At 6'6" and 280 lbs sailing a sunfish can be a challenge to tack. Took several times before I started getting the boat turned with out coming to a dead stop in the process. My biggest problem was moving too much weight to the new weather side too fast causing the boat to stall. Eventually I learned to start the tack try to move to the center of the boat thru the tack and back on the rail once the tack was completed and the boat moving again. All this fast enough to keep the boat from flipping and maintain steering.
Every time a bunch of boaters get together boat watching and comparing notes is part of the fun. Near the boat ramp was a hand made blue water cat rigged sailboat of which the owner was working on. With out photos it is impossible to describe.
Shane and Jeff of Trailer Sailor fame, where assisting the owner installing the rudder.
April 11 2003 found me in Freeport Texas on business. My wife and I planned a week in San Antonio on the "Riverwalk". If you have never been I highly recommend it. As my daughter was to stay with my Dad in Houston Texas for most of this week. I met up with my Dad awaiting the arrival of my wife and daughter on Saturday April 12 2003.
Friday night as if there was any other option the discussion of sailing on Saturday came up. My Dad mentioned several items needing fixing before we could head out. After all we didn't expect arrival of my family until at least 8 pm.
What could possibly go wrong?
Saturday morning I awoke around 8 am to find my Dad already hard at work in his shop on the Montgomery 17. Lending a hand we soon had a new motor mount installed and various nuts and bolts re-attached. He had been working on her and she was not 100% ready to go. A few items were needed from the boat parts store. It seemed to take forever but eventually we were driving down the road headed for Clear Lake via the nearest boat parts store.
I find working on my boat "Don't Ask" no matter how hard I plan there is always some nut/bolt or other part I failed to get or got the wrong size. Requiring another trip to the boat parts store. You would think with the boat parked in front of the boat parts store things would go smoother.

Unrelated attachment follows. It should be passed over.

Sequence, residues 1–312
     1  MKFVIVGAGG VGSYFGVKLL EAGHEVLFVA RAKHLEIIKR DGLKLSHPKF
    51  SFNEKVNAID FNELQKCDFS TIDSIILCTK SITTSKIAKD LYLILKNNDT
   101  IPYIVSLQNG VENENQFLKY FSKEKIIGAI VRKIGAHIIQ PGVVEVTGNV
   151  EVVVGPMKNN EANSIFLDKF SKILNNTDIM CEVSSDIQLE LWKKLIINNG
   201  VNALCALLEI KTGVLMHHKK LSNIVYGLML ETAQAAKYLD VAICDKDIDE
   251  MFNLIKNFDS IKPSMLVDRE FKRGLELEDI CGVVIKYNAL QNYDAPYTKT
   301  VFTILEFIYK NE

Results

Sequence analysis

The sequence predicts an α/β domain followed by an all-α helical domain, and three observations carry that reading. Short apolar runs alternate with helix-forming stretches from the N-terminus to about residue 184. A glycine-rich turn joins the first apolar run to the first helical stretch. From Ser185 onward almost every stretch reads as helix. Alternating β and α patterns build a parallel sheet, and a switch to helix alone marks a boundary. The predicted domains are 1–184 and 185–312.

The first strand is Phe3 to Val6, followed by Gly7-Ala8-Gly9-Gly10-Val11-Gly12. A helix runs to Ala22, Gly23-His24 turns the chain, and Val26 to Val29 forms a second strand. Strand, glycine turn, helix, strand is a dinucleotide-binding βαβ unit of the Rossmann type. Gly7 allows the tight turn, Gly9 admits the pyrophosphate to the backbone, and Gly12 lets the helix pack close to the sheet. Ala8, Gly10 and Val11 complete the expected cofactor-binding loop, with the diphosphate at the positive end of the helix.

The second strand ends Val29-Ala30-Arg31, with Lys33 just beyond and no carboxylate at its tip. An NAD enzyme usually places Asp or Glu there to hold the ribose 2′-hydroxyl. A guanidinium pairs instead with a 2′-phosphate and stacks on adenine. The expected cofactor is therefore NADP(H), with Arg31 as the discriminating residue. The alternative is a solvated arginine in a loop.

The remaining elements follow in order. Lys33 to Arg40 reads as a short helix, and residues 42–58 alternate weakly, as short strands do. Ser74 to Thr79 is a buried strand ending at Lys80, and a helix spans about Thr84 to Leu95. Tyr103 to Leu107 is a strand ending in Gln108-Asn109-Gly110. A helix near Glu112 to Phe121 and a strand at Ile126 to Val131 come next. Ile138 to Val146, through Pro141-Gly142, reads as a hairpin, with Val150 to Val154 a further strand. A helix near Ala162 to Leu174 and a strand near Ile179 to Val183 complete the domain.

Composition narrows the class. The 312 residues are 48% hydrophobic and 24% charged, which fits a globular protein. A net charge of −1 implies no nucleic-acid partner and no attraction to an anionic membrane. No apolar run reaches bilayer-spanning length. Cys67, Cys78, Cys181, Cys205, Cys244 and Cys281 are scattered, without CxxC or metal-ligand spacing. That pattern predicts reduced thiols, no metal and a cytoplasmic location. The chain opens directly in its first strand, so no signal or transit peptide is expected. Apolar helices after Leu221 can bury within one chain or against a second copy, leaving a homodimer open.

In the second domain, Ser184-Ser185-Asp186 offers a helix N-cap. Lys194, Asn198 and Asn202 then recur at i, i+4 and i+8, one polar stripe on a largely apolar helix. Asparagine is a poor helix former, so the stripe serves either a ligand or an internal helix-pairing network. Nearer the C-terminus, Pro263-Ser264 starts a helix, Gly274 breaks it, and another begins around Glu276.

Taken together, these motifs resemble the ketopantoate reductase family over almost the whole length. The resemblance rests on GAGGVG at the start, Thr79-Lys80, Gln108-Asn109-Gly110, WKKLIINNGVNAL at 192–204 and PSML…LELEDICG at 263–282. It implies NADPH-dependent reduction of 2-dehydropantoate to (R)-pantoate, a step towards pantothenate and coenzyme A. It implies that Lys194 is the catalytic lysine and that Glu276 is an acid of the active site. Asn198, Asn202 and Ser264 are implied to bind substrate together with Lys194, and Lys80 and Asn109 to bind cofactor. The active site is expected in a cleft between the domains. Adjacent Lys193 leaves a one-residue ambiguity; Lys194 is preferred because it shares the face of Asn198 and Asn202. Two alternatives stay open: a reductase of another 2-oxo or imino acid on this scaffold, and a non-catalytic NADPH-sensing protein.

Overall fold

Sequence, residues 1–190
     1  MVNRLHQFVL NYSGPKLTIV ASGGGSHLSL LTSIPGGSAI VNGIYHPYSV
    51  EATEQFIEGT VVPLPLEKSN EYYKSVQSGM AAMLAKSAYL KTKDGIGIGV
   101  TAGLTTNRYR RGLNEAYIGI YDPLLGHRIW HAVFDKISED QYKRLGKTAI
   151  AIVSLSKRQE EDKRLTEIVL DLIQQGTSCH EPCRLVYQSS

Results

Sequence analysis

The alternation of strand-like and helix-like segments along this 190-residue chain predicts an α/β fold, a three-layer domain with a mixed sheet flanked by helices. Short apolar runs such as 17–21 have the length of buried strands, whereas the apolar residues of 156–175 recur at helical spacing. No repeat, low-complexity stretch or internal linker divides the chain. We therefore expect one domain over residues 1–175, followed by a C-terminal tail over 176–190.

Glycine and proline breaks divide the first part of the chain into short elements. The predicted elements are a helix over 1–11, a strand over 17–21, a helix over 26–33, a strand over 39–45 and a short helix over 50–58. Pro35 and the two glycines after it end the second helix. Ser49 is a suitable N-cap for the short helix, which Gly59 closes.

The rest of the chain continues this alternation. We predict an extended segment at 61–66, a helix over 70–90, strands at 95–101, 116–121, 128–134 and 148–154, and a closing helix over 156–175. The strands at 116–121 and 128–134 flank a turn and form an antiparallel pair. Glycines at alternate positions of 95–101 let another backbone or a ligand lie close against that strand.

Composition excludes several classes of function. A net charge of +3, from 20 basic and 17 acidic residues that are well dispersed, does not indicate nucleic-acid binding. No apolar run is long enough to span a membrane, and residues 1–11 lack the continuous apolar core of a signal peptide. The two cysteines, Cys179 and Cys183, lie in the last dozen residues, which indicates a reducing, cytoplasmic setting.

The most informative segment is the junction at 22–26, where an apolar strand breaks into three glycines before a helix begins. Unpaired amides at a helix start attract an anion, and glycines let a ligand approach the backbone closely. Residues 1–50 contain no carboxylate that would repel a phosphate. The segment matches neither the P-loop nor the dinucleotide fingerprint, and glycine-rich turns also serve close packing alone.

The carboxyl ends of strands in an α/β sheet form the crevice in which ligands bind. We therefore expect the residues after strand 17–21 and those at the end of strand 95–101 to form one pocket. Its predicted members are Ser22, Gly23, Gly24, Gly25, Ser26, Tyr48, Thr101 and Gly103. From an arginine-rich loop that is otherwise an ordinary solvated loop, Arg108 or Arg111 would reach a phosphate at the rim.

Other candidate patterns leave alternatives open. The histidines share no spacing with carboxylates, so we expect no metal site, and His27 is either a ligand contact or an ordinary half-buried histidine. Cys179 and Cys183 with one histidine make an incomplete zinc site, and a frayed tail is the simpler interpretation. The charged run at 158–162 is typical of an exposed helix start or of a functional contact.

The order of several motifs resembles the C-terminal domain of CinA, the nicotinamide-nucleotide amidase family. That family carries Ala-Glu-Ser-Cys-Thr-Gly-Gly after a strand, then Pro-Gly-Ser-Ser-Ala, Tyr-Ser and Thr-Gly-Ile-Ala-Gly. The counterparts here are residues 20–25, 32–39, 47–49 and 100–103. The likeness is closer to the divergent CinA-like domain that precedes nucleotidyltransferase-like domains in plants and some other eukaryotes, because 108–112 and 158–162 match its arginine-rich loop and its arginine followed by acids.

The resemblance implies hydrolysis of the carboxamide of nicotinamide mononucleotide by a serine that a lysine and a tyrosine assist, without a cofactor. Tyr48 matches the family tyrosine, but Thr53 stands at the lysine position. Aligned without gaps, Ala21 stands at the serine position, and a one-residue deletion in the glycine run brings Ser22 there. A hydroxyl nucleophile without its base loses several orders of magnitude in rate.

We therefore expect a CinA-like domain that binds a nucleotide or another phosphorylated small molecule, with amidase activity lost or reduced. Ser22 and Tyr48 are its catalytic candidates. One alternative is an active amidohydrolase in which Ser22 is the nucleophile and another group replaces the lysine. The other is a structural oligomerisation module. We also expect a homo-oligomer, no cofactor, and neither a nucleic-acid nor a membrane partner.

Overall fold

Yes the boat parts store folks were happy to see us walk thru the door, even more so when my Dad pulled out his wallet.
Screw driver and wrench in hand I am in the parking lot of the store attaching the back stay plates. It is important to have the back stay attached to the boat in such a way it doesn't come loose. Of the twelve nuts and bolts purchased some had the wrong size nuts (just a size too small).My Dad has not finished paying for the other boat stuff he bought when I am back in to swap out for the correct size. Did I mention the boat stuff store employees got real excited when Dad pulled out his wallet?
Just think two trips to the boat parts store and we never left the parking lot.
Eventually we made it to a public boat launch rigged the boat and launched her with no mishap. I was impressed as the ladder was taken off the Jeep only once.
Motoring out on Clear Lake with all the PWC buzzing like angry bee's we find the motor is acting up again. Eventually the culprit is found. It seems the gas cap serves as the vent for the small internal tank. There is a part of the gas cap that needs to be unscrewed to vent. It doesn't look like anything but a gas cap.
Once the gas cap was venting correctly the little 3 hp motor settled right down and chugged up a storm.
From that point on I guess you could call the rest of the trip uneventful. We had a delightful time sailing around Clear Lake.
The information on this page is not intended as a "definitive" guide to sailing .